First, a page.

This understates the problem. It is rumored that the internal margins on many journals at the big publishers are around 90%, and that the biggest cost for these journals is the care and feeding of the editorial board. Co-opting senior researchers onto editorial boards that provide boondoggles is a way of aligning their interests with those of the publisher. This matters because senior researchers do not pay for the journals, but in effect control the resource allocation decisions of University librarians, who are the publisher's actual customers. The Library Loon understands the importance of this:
The key aspect of Elsevier’s business model that it will do its level best to retain in any acquisitions or service launches is the disconnect between service users and service purchasers.
the Council of the European Union has just issued a call for full open access to scientific research by 2020. In its statement it "welcomes open access to scientific publications as the option by default for publishing the results of publicly funded [EU] research," but also says this move should "be based on common principles such as transparency, research integrity, sustainability, fair pricing and economic viability." Although potentially a big win for open access in the EU, the risk is this might simply lead to more use of the costly hybrid open access, as has happened in the UK.
but doesn't note the degraded form of open access they provide. Articles can be "free to read" while being protected by "registration required", restrictive copyright licenses, and robots.txt. Even if gold open access eventually became the norm, the record of science leading up to that point would still be behind a paywall.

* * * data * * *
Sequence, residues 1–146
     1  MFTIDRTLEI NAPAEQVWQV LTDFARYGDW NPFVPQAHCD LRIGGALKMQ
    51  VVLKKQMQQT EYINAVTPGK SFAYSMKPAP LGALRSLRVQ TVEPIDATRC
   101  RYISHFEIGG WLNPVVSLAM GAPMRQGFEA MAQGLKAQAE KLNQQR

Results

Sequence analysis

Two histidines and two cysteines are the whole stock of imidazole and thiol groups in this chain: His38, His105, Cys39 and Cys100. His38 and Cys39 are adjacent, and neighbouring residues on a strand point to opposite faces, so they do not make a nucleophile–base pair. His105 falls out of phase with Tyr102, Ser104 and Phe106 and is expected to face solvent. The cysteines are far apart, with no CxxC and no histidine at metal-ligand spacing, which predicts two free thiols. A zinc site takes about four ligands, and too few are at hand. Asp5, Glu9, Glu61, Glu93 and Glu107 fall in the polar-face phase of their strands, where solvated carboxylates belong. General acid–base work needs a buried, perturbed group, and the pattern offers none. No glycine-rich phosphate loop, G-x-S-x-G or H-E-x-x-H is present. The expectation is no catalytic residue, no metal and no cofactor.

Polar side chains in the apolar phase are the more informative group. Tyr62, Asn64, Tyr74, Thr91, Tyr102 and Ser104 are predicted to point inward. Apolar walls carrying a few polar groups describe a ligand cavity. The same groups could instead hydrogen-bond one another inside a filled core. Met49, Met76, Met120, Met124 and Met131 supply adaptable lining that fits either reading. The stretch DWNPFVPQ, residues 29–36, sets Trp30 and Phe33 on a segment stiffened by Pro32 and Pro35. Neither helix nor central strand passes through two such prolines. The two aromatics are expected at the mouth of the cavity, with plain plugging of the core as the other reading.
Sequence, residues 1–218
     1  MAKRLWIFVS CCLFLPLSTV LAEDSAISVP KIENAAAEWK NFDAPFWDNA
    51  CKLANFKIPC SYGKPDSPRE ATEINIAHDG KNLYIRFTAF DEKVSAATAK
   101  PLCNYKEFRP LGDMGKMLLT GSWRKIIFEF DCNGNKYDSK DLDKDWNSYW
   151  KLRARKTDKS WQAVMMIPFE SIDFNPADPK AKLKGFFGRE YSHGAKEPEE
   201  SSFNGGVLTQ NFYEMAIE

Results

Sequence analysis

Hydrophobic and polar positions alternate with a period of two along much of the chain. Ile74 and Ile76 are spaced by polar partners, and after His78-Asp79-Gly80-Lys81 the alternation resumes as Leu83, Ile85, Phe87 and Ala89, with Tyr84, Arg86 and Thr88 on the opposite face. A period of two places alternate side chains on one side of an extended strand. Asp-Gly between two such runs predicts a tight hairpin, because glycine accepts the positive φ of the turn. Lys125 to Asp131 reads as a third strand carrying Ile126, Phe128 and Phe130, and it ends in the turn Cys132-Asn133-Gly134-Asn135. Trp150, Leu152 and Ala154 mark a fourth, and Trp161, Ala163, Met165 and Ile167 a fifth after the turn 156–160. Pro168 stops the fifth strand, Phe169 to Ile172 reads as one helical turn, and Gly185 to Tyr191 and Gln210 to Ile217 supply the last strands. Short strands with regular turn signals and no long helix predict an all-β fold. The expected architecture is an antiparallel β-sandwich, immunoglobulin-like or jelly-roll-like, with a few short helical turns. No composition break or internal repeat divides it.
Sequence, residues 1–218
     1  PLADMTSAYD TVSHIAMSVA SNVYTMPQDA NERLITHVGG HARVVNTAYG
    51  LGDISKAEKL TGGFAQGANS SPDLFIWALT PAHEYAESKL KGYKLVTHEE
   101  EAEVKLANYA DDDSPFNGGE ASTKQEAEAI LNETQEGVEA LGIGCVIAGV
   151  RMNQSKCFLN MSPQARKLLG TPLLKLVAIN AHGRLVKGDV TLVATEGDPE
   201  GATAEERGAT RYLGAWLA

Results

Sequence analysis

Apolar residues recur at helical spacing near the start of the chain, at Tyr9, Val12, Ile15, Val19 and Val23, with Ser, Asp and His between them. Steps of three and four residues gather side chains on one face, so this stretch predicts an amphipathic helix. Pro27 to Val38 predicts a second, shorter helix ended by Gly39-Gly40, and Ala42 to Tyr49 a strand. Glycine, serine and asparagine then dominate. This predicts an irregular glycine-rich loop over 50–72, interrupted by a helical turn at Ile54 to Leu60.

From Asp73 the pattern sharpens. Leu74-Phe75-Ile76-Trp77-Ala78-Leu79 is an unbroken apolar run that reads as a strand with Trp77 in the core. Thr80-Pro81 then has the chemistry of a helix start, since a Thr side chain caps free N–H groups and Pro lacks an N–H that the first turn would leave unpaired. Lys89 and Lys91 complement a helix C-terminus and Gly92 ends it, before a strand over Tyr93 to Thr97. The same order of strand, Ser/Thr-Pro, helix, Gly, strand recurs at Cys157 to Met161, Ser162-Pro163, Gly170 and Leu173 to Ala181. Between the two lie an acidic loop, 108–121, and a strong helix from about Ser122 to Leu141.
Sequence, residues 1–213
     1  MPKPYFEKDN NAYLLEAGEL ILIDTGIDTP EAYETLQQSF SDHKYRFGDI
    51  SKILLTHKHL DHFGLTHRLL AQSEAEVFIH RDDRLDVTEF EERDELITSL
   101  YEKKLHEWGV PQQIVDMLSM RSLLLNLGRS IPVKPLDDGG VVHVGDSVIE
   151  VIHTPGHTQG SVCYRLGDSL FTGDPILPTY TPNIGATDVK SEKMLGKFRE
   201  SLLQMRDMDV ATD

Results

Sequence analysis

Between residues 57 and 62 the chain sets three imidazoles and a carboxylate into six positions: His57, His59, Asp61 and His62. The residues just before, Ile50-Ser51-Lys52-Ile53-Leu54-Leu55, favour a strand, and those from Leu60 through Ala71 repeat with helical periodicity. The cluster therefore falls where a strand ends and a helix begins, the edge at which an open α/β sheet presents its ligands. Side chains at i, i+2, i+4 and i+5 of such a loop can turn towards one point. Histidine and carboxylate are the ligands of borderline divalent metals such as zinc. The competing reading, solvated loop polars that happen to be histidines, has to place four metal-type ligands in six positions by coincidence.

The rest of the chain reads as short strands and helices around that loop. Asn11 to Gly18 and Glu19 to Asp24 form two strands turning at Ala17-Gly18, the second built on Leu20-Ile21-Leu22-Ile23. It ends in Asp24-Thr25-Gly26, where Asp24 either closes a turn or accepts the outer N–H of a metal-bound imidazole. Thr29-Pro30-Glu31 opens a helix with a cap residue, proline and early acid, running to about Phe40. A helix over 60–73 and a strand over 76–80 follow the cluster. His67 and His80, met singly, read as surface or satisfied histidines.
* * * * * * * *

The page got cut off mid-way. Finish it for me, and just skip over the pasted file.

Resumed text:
Elsevier and Wiley have been singled out as regularly failing to put papers in the right open access repository and properly attribute them with a creative commons licence. This was a particular problem with so-called hybrid journals, which contain a mixture of open access and subscription-based articles. More than half of articles published in Wiley hybrid journals were found to be “non-compliant” with depositing and licensing requirements, an analysis of 2014-15 papers funded by Wellcome and five other medical research bodies found. For Elsevier the non-compliance figure was 31 per cent for hybrid journals and 26 per cent for full open access.
An entire organization called CHORUS has had to be set up to monitor compliance, especially with the US OSTP mandate. Note that it is paid for and controlled by the publishers, kind of like the fox guarding the hen-house.
Today, OITP released “The People’s Incubator: Libraries Propel Entrepreneurship” (.pdf), a 21-page white paper that describes libraries as critical actors in the innovation economy and urges decision makers to work more closely with the library community to boost American enterprise. The paper is rife with examples of library programming, activities and collaborations from across the country, including: